When I was conscious again, more or less, man was I surprised. I was way-out-west. The sparkling clean little city was ringed with impressive mountains, and a slight throb in my noggin signaled “high altitude” (either that or that I needed a drink). That and the clear air (occasionally tinged with the scent of burning from area forest fires) spelled g-o-o-d s-e-e-i-n-g to me. I was beginning to get excited.

Arriving at the ISP’s current site, Bruneau Dunes State Park, about an hour from Boise, kicked the excitement factor up another notch. Sure, dark skies are great, but without good facilities to go along with them what do you have? Not much. Thankfully, ISP’s site is way above average. In addition to plenty of RV hookups (RVs and travel trailers seem to be the favored accommodations for western star partiers), there were a couple of pin-neat little cabins (one of which would be my home for the next couple of days), an observatory containing a 25-inch Obsession, and a modern classroom building perfect for presentations.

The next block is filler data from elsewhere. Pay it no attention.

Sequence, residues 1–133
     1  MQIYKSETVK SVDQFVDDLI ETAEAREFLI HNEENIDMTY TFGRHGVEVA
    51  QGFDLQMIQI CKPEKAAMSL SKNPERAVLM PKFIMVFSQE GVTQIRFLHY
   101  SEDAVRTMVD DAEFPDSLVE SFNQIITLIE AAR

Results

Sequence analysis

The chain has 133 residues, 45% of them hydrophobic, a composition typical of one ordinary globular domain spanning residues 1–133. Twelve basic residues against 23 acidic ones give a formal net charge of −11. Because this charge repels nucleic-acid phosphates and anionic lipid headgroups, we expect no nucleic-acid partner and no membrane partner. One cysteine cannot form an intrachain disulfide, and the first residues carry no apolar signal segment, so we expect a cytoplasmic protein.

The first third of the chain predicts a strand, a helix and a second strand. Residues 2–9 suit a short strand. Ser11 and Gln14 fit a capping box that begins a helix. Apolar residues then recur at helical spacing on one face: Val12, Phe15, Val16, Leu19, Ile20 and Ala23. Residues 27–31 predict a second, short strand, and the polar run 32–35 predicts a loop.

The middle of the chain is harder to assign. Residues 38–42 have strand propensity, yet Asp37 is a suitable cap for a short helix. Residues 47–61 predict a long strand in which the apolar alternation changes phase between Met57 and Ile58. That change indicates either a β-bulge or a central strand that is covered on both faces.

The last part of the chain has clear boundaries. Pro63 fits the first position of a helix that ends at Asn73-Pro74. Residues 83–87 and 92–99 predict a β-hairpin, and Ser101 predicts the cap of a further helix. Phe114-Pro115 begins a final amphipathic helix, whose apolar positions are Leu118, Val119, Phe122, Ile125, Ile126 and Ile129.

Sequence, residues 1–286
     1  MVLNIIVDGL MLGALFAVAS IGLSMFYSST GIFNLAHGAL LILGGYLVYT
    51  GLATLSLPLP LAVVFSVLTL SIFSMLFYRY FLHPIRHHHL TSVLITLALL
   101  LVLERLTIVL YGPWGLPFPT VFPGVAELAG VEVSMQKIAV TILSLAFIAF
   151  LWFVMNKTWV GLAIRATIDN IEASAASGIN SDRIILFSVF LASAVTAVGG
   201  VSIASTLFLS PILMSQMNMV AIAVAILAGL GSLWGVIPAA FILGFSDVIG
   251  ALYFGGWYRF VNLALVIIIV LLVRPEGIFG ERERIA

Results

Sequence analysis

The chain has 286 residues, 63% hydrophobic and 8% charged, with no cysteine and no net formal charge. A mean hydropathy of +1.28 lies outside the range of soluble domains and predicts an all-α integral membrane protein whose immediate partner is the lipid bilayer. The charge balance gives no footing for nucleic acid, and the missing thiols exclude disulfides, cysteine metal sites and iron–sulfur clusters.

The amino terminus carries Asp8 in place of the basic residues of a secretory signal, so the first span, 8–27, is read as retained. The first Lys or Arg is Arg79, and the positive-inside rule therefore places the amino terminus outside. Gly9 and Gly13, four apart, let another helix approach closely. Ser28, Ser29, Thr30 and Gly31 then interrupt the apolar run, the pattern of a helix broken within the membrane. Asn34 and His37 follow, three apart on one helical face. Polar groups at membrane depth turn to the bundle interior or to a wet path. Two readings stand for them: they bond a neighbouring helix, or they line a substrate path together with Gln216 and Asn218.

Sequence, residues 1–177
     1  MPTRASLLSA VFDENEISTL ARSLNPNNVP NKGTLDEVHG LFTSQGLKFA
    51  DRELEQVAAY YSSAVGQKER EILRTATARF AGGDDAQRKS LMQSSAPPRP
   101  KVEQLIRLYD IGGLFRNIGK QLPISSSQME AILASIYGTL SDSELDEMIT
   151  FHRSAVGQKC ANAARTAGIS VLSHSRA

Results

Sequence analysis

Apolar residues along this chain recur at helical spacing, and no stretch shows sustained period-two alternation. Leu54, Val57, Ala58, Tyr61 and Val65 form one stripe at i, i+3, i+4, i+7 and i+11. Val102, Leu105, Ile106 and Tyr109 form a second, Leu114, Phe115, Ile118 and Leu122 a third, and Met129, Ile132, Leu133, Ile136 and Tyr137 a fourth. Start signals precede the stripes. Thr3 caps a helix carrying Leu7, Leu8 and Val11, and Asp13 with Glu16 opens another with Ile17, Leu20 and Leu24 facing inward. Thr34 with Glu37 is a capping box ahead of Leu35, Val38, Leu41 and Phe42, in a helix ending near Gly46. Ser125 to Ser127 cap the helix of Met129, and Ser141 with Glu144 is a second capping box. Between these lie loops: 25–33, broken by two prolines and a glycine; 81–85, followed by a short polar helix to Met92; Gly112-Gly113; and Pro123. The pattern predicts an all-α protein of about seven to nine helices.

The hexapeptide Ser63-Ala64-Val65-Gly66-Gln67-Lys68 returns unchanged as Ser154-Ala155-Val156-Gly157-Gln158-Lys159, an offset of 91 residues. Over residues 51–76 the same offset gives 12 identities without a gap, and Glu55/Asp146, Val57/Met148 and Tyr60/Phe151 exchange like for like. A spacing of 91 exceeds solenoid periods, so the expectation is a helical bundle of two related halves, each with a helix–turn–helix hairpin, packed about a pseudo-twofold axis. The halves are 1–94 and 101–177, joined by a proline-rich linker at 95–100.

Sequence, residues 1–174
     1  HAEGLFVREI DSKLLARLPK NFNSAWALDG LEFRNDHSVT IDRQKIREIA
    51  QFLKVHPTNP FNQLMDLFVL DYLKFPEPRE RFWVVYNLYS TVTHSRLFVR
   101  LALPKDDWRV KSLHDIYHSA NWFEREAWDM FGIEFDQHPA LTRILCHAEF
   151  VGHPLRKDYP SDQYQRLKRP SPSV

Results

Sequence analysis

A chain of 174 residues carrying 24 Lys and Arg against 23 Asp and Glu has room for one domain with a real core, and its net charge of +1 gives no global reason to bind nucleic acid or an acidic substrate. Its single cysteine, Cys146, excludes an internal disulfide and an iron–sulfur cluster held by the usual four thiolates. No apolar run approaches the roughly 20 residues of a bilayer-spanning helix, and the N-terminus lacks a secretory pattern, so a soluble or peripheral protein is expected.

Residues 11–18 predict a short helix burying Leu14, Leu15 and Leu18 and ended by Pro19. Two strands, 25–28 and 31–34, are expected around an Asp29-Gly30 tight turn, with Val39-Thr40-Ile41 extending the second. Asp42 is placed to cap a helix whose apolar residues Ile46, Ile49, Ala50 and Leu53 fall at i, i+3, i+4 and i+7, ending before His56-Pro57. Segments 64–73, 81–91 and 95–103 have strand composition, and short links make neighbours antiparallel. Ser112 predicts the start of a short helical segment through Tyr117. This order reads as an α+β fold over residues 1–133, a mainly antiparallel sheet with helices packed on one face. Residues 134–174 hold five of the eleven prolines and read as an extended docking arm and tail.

The skies? As above, there was some intermittent haze due to area fires (thankfully distant), but mostly very, very good mag 7 (zenith) conditions prevailed much of the time. On that first night, after delivering my first presentation to an excellent, responsive audience, I wandered the field until the wee hours, observing with my trusty Celestron 10x50s or with any telescope I could beg, borrow or—well, never mind. Deep sky heaven? You betcha. I observed until I couldn't observe no more, turning in right after snapping the above shot of the Moon and Venus and a spectacular western Sunrise.